IRA FLATOW: Let’s move on to something really out of this world. We’re pretty sure there was water in the form of ice on the moon. And new research says, yes, and in more places than we’d expected. What’s going on there?
YASMIN TAYAG: Yes. There’s water in the Moon. That was the big headline this week, but we actually already knew that. The bigger news is that we have a better sense of where that water is on the moon and how it’s stored on the moon.
One of those paper shows that there’s water in the sunlit parts of the moon, which is surprising because for a long time we thought that water on the moon would be confined to the permanently shadowy areas, like craters or the poles. But apparently not so.
There is water on the sunlit side, and it’s housed in these tiny glass beads which makes them stable in the sunlight. And there isn’t that much of it. There is about a water bottle’s worth scattered over a cubic meter of soil that itself is scattered over this 230 square kilometer expanse that the scientists looked at.
But it’s there. And there also could be more.
IRA FLATOW: Yeah. Little glass beads– do we know how you get water into a little glass bead?
YASMIN TAYAG: That’s one of the big mysteries of this finding. Nobody’s really sure how the water got into these glass beads. But there’s some theories that it either came on a meteorite fully formed or that when the meteorite crashed into the Moon, they formed somehow.
But we really don’t know. That’s the new big question to answer.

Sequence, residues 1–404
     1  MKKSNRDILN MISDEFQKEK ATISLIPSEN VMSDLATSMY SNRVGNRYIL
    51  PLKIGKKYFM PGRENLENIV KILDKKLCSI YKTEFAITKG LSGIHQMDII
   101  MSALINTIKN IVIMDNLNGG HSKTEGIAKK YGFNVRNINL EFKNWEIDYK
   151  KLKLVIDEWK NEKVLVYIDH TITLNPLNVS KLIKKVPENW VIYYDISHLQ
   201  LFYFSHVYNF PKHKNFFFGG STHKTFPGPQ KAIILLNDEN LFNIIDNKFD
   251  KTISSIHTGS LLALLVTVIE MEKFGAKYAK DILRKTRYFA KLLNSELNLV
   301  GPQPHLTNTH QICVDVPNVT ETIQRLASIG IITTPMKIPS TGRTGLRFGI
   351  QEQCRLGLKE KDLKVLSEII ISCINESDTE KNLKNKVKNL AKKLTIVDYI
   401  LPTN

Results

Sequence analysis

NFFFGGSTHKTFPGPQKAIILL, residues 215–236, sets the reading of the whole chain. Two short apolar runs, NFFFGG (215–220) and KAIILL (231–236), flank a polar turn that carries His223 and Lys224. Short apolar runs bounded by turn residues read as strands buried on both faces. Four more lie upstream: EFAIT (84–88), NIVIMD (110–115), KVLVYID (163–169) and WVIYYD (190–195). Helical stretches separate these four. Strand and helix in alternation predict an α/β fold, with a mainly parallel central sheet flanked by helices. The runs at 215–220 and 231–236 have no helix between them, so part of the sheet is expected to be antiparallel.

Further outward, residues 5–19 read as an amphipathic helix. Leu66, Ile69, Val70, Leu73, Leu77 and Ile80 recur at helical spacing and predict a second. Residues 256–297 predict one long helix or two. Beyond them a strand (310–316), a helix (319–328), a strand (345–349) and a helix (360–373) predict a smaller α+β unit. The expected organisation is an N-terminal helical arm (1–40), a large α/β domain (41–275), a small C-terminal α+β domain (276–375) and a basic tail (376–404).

IRA FLATOW: I’m going to move on to something. I gotta say, there’s no easy way to introduce this one. Tell us about the super daddies.
YASMIN TAYAG: Oh, yes. The super daddies. These are male animals– goats, pigs, and cows that are modified so that their testicles don’t produce that animal’s original sperm but sperm from a male with better and more productive genes.
So they’re also known as surrogate sires. And scientists at Washington State were recently able to make these super daddies for the first time using the gene editing tool CRISPR. The big breakthrough is that they were able to use CRISPR to make males sterile.
And making super daddies is the two-step process. First, you need sterile males, and then you inject stem cells with the beneficial genes into their testicles.
IRA FLATOW: When you say super daddy does that mean that there are more offspring, or what? What makes a definition of a super daddy?
YASMIN TAYAG: Well, what makes these daddies so super is that they could help improve the genetics of livestock around the world. So in many parts of the world, especially the developing world, livestock just isn’t as productive. If you could introduce genes for more meat and milk and eggs into those populations, then it could be a huge benefit for the farmers that rely on them.
IRA FLATOW: Wow, that is a nice way to round up your news today after we started out with such disheartening news. Something hopeful. Thank you–
YASMIN TAYAG: No problem.
IRA FLATOW: –for taking time to be with us today, Yasmin.
YASMIN TAYAG: I’m so happy to be here.
IRA FLATOW: Yasmin Tayag, senior editor for OneZero and a writer for the Medium Coronavirus Blog.